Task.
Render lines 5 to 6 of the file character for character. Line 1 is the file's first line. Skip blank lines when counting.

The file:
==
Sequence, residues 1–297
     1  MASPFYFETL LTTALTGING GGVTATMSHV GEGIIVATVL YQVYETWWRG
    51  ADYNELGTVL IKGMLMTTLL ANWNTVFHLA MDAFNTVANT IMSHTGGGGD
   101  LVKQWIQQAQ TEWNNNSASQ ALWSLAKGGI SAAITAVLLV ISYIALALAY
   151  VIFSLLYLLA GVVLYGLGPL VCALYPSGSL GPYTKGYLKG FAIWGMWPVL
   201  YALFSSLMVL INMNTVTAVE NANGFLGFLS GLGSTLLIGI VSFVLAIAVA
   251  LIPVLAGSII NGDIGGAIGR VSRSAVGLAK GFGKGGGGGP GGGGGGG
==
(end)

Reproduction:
   151  VIFSLLYLLA GVVLYGLGPL VCALYPSGSL GPYTKGYLKG FAIWGMWPVL
   201  YALFSSLMVL INMNTVTAVE NANGFLGFLS GLGSTLLIGI VSFVLAIAVA